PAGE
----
Do you see the error – or at least the violation of the principle of no arbitrage? It is in the implicit assumption that both bond yields change by the same amount. That would be fine if the Treasury yield curve is flat – but it's not; it's steeply and upwardly sloped. If the yield on the 3.125%, 29- year T-bond goes up by 25 basis points, the yield on the 29-year P-STRIPS will go up by more than that and its market value will fall by more than is estimated. You need a bigger hedge; a $56 million short position in the coupon-bearing T-bond is simply not enough.

A better hedge ratio uses “revised PV01s.” First notice that the given PV01s are essentially equivalent to the modified duration times the full price of the bond, times one basis point.

The revised PVOls use the curve durations instead of the yield durations.

The new-and-improved hedge is to short sell about $60.65 million in the T-bond.

The key point is that the curve durations (and the revised PV01) are based on a parallel shift in the entire Treasury yield curve and are calibrated so that there are no arbitrage opportunities.

The no-arbitrage assumption is particularly important in the U.S. Treasury market because of the presence of zero-coupon C-STRIPS and P- STRIPS. When their yields to maturity veer away from the implied spot curve by enough to compensate for transactions costs, arbitrageurs can and will exploit opportunities for coupon-stripping and bond reconstitution. If these were corporate bonds, it would be a different story. Our bond math techniques allow us to say, “If a zero-coupon corporate bond exists, its noarbitrage yield would equal the implied spot rate.” But without a series of actual zero-coupon corporate securities to carry out the trades to eliminate any mispricing, it's a weak argument. The zero-coupon corporate bond yield could differ from the theoretical implied spot rate by a lot and for quite a while.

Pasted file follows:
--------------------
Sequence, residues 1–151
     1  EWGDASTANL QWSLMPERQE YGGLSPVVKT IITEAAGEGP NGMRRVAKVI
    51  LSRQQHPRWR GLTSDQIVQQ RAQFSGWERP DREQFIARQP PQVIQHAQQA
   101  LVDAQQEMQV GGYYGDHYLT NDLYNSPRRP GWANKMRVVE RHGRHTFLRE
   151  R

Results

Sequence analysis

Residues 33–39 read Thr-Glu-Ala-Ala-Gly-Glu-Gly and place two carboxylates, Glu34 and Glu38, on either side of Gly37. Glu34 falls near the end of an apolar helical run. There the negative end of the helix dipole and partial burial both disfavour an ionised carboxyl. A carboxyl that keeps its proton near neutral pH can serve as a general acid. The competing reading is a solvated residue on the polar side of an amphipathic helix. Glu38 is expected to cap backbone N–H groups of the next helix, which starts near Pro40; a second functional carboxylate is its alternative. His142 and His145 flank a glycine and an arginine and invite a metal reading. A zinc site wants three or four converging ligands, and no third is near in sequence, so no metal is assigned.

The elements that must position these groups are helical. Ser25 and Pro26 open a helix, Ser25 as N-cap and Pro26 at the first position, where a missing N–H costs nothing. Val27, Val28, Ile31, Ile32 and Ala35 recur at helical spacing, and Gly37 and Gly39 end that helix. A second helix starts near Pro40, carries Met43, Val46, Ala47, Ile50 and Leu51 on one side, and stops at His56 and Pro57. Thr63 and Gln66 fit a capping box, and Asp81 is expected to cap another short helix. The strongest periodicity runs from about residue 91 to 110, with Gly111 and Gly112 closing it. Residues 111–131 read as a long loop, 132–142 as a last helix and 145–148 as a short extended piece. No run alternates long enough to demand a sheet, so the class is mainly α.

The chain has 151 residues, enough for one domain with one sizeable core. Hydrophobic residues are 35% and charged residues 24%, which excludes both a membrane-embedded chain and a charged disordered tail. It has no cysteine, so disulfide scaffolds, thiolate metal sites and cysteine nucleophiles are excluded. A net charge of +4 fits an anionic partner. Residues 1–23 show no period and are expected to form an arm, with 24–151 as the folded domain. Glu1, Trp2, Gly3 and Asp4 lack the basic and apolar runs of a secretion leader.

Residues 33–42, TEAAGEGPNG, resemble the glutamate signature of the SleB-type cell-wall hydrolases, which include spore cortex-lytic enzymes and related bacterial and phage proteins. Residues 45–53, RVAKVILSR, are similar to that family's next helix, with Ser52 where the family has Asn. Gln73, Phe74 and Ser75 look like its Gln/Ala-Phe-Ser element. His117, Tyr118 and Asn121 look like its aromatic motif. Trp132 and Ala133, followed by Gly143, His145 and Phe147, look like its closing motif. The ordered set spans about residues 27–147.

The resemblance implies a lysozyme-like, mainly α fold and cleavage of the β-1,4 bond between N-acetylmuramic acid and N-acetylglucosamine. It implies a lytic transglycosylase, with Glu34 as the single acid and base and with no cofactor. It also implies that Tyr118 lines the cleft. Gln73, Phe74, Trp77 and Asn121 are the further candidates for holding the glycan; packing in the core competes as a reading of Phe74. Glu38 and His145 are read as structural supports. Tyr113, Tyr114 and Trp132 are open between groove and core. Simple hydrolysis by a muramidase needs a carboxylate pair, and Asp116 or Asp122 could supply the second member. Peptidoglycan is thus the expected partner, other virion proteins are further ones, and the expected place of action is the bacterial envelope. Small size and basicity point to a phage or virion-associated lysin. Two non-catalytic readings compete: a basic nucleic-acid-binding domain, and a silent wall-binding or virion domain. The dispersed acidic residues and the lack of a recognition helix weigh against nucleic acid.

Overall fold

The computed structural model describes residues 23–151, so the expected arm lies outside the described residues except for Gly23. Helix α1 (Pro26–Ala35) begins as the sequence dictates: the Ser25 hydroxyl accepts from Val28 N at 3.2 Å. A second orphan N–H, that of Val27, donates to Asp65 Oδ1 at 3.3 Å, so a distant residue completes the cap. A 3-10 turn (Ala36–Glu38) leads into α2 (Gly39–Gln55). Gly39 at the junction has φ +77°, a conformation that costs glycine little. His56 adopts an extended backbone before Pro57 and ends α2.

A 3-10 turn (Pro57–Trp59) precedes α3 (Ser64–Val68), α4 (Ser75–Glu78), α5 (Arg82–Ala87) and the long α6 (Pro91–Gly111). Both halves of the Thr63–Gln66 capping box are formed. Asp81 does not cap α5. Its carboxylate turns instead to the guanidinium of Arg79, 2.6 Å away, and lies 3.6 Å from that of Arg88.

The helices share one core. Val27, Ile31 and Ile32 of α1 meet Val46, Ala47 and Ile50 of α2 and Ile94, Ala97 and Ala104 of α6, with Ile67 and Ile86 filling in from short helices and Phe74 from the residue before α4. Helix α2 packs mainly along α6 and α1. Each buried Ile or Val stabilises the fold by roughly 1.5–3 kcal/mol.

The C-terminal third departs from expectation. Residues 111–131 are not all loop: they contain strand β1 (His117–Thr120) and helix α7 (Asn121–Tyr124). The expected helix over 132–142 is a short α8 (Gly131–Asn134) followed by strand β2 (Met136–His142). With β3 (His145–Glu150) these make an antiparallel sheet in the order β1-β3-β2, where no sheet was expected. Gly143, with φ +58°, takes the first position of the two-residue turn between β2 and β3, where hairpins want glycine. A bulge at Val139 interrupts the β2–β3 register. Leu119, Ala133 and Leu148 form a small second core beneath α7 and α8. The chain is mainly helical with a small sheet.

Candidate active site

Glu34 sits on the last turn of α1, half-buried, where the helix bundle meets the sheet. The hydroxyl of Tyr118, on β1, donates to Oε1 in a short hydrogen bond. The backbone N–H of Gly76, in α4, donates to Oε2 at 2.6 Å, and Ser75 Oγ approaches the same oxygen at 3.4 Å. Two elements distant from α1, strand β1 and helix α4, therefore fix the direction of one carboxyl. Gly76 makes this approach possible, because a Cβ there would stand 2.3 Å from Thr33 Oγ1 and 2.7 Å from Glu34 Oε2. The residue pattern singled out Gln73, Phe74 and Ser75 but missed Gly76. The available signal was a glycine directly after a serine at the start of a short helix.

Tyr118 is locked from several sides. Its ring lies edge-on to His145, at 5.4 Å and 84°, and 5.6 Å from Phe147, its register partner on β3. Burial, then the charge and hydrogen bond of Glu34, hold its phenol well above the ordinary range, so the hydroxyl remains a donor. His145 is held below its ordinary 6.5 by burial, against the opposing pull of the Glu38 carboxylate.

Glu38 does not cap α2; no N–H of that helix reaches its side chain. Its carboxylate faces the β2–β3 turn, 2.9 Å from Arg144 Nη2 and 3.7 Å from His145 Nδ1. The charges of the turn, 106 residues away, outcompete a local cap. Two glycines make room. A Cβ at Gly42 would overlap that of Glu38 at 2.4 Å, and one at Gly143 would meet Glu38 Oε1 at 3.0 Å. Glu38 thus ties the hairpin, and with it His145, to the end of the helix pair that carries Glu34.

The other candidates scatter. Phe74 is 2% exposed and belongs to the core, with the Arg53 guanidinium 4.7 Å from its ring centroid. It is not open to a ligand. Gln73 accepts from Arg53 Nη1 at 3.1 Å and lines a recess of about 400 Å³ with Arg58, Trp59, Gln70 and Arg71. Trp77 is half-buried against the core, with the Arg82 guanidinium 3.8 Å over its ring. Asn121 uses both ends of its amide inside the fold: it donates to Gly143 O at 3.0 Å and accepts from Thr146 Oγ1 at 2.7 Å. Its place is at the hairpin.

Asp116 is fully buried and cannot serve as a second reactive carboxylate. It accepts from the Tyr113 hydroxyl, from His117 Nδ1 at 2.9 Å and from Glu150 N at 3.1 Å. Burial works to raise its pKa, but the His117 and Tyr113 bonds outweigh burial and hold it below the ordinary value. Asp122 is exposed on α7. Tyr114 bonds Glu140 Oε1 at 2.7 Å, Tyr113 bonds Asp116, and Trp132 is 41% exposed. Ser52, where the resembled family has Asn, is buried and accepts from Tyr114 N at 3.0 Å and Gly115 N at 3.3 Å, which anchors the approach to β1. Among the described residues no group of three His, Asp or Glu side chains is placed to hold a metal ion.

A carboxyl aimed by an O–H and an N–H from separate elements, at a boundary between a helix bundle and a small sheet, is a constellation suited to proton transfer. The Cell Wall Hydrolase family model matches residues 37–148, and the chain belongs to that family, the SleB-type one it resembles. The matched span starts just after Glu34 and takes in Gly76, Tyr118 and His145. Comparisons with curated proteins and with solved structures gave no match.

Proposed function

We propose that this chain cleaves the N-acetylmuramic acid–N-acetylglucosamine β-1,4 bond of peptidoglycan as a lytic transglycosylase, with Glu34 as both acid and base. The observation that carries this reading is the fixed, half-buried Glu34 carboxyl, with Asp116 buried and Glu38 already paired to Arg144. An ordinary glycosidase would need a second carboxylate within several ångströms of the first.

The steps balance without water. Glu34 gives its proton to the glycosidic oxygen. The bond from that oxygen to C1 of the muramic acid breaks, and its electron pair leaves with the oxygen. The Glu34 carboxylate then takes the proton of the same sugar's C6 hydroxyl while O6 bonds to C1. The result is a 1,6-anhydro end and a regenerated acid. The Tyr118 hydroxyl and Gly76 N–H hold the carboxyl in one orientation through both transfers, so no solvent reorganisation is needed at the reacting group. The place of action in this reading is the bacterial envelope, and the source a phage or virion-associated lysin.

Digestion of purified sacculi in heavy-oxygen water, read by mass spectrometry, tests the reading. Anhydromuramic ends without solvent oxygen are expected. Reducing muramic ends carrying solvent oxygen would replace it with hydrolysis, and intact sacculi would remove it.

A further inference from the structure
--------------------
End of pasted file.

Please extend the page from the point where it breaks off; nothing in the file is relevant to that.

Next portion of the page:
Let's now build a portfolio of the four Treasury securities using the par values indicated in Table 9.1. The market value for settlement on February 15, 2014, is $345,701,561, which easily is calculated when there is no accrued interest to deal with. As usual, the prices are quoted as percentages of par value in Table 9.1.

Table 9.2 shows an abridged version of the spreadsheet I use to calculate the portfolio statistics. The date-0 cash flow for the purchase price of the portfolio is $345,701,561 – this amount needs to be made negative for internal rate of return calculations. There are 58 future cash flows, occurring on February 15 and August 15 of each year until February 15, 2043. The first three semiannual payments are coupon interest totaling $2,787,500.

TABLE 9.2 Portfolio Cash Flows and Calculations

Date

Date

Cash Flow

PV of Cash Flow

Weight

Date * Weight

Dispersion

Convexity

0

02/15/14

-345,701,561

1

08/15/14

2,787,500

2,741,389

0.007930

0.007930

4.217

0.016

2

02/15/15

2,787,500

2,696,041

0.007799

0.015598

3.795

0.047

3

08/15/15

2,787,500

2,651,443

0.007670

0.023009

3.401

0.092

4

02/15/16

122,787,500

114,862,257

0.332258

1.329034

133.690

6.645

5

08/15/16

2,562,500

2,357,452

0.006819

0.034097

2.477

0.205

6

02/15/17

2,562,500

2,318,455

0.006707

0.040239

2.187

0.282

17

08/15/22

2,562,500

1,929,801

0.005582

0.094899

0.278

1.708

18

02/15/23

102,562,500

75,961,396

0.219731

3.955160

8.067

75.148

19

08/15/23

1,562,500

1,138,099

0.003292

0.062551

0.084

1.251

20

02/15/24

1,562,500

1,119,273

0.003238

0.064754

0.053

1.360

56

02/15/42

1,562,500

613,966

0.001776

0.099456

1.812

5.669

57

08/15/42

1,562,500

603,810

0.001747

0.099557

1.895

5.774

58

02/15/43

226,562,500

86,104,181

0.249071

14.446109

286.926

852.320

345,701,561

1.000000

24.059117

480.571

1,083.471

On February 15, 2016, the first T-note having a par value of $120 million matures and the total payment is $122,787,500. Between August 15, 2016, and August 15, 2022, the coupon interest is $2,562,500.

After the next T-note is retired on February 15, 2023, entailing a total payment of $102,562,500, the cash flows are just the coupon interest on the remaining T-bond.

On February 15, 2043, the T-bond and the P-STRIPS mature and the final payment is $226,562,500.

This sequence of evenly spaced, semiannual cash flow is the MV, CF1, CF2, ..., CFn in equation 9.1 needed to get the internal rate of return for the portfolio. I use the IRR function in Excel to get YieldPORT = 1.682%, which is the yield per semiannual period. (Actually, given the full precision of the spreadsheet, YieldPORT = 1.682028892%.) Annualized, the cash flow yield for this portfolio is 3.364% (s.a.).